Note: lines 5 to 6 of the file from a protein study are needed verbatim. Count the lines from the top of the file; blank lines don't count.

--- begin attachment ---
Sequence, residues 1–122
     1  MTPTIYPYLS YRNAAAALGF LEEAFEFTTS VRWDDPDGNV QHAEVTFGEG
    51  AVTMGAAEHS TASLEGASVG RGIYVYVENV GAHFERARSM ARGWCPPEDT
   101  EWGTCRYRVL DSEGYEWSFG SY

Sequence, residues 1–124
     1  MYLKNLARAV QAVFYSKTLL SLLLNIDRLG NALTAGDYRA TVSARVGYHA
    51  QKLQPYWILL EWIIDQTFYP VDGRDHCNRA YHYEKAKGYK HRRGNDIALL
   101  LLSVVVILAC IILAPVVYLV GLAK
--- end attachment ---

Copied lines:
Sequence, residues 1–124
     1  MYLKNLARAV QAVFYSKTLL SLLLNIDRLG NALTAGDYRA TVSARVGYHA